PIKEVILLE, Ky. (WYMT) - Traveling many miles to sharpen their mine safety skills. Teams from as far away as New Mexico spent the past few days at Bob Amos Park in Pikeville for the 2nd annual Hatfield and McCoy Mine Safety Competition.
Nineteen teams spent the day navigating a field set up with various gas and ventilation procedures.
Booth Energy's team captain, Phillip Conley says,"These fields are set up with certain problems and gives you ideas and things to look at in an actual event."
Sharpening their skills in case of an actual rescue.
Tony Casebolt says, "The coal industry today is much, much safer than it was in years gone by."
However, Casebolt who spent decades in the coal industry and in mine rescue says it is crucial to be prepared for the events that can occur.
"Miners are unique in the fact that they are one of the few industries that resuce their own," says Casebolt.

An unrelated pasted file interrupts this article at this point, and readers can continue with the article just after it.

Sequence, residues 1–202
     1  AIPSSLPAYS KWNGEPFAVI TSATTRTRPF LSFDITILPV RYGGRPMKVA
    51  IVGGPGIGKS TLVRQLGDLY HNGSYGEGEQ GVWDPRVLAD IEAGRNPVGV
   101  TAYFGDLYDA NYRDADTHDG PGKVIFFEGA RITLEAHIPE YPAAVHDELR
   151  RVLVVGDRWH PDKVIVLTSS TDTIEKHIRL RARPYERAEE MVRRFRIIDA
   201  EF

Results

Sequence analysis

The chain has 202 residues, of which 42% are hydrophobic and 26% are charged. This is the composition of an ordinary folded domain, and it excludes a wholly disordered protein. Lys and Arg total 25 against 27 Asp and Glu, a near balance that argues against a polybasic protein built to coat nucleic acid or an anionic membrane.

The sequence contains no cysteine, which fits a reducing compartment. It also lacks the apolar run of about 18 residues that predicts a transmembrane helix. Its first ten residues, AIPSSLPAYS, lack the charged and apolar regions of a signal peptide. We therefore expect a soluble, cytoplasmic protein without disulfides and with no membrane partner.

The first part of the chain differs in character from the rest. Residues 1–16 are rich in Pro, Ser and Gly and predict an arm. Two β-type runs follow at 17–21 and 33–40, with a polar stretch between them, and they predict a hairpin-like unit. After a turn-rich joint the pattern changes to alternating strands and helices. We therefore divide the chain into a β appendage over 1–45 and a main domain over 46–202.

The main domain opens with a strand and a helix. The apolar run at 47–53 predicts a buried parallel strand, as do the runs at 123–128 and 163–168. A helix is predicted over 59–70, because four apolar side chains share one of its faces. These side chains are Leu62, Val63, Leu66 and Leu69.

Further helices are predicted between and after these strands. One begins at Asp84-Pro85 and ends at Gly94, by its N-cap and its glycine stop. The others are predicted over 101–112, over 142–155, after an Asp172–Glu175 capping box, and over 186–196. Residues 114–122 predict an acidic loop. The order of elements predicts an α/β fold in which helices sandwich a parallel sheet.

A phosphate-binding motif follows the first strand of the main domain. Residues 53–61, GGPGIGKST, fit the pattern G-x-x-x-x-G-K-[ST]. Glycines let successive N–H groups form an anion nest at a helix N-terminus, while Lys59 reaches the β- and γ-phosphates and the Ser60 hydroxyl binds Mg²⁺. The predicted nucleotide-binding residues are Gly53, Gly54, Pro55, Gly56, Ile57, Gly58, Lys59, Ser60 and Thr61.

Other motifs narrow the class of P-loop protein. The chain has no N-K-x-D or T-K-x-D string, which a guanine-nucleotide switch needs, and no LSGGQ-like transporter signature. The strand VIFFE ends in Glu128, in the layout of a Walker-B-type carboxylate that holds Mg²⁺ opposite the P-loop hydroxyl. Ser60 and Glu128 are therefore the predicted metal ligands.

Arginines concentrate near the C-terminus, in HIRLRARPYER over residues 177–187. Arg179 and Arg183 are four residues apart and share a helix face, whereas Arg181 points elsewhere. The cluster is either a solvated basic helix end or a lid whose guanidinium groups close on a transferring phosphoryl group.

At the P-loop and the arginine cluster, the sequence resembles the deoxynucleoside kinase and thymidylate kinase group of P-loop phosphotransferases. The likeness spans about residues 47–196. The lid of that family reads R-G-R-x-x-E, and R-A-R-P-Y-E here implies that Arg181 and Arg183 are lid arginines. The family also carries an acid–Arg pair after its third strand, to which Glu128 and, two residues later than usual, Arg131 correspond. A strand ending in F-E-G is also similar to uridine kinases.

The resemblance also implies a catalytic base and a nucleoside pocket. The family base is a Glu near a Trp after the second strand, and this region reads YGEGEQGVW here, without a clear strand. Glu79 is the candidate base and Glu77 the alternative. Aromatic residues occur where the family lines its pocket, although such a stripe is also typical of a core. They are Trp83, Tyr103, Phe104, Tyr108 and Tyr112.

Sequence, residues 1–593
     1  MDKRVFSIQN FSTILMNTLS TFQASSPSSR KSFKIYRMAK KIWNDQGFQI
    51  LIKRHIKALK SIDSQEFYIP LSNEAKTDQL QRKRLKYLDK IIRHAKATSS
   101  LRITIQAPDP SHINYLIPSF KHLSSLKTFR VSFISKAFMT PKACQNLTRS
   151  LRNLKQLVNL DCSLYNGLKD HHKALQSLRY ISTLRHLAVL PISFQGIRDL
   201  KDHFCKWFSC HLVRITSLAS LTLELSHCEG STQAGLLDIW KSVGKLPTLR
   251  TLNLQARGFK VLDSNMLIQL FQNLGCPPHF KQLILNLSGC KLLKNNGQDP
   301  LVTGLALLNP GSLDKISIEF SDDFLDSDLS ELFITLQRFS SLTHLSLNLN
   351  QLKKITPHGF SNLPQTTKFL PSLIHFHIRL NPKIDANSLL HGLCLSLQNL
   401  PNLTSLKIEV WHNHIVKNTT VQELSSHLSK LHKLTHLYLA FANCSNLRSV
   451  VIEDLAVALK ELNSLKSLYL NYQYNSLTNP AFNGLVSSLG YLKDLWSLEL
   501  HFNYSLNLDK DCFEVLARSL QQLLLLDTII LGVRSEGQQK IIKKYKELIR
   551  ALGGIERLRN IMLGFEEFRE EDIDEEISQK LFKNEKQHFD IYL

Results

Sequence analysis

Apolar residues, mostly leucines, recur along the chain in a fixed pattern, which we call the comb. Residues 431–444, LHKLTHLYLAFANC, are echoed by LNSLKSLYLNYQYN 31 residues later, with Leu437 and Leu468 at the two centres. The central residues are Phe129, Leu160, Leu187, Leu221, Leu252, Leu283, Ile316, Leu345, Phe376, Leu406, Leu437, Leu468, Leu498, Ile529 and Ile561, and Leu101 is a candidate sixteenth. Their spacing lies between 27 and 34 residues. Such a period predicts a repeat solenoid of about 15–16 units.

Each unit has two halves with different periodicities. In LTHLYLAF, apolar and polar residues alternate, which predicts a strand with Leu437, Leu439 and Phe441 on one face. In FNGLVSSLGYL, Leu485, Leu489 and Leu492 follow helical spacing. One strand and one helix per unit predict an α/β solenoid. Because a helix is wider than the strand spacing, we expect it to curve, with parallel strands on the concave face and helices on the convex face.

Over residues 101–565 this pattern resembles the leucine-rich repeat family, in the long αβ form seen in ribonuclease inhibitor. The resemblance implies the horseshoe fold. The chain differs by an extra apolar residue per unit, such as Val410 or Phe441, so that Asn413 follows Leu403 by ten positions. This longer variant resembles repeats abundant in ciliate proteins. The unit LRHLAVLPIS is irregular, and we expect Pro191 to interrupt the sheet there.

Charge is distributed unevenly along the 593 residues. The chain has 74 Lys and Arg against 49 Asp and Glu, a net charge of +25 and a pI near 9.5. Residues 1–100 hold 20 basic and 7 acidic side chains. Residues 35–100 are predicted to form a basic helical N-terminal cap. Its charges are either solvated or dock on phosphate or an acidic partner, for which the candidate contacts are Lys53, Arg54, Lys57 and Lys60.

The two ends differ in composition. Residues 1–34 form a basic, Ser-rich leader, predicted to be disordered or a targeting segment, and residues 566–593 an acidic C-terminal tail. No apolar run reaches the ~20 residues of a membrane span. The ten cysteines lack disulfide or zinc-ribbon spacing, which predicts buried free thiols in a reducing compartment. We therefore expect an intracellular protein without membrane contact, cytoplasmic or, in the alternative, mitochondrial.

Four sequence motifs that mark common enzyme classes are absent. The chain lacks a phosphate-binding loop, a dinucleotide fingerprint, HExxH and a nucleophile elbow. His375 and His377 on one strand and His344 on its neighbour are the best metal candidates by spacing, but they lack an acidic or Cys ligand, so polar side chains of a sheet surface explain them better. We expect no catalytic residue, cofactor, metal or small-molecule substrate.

Rescue teams from all across the country participating in the event that city officials say they are proud to host.
Tourism Director Larry McGaughy says, "Coal is a big industry in the region and we need it and we want to continue the pride of the coal miners."
Bringing well over 100 folks in, team members say that number is down from other competitions.
"There is not near as many mines in the area as there used to be and just the cost of mining, the funds aren't there for the mine rescue teams ... it costs a lot to have these," says Conley.
Officials are still very pleased with this years competition.
Norman Page, with Mine Health and Safety District 6 says, "We've had a pretty good turnout for how the coal industry is in Eastern Kentucky this day."
While some teams will go home with trophies, officials say everyone who attends this competition including the judges wins.
"You learn something new everytime you come on the field, every one of these contests is a learning tool," says Conley.
Taking away knowledge and skills to improve safety for them and their fellow miners.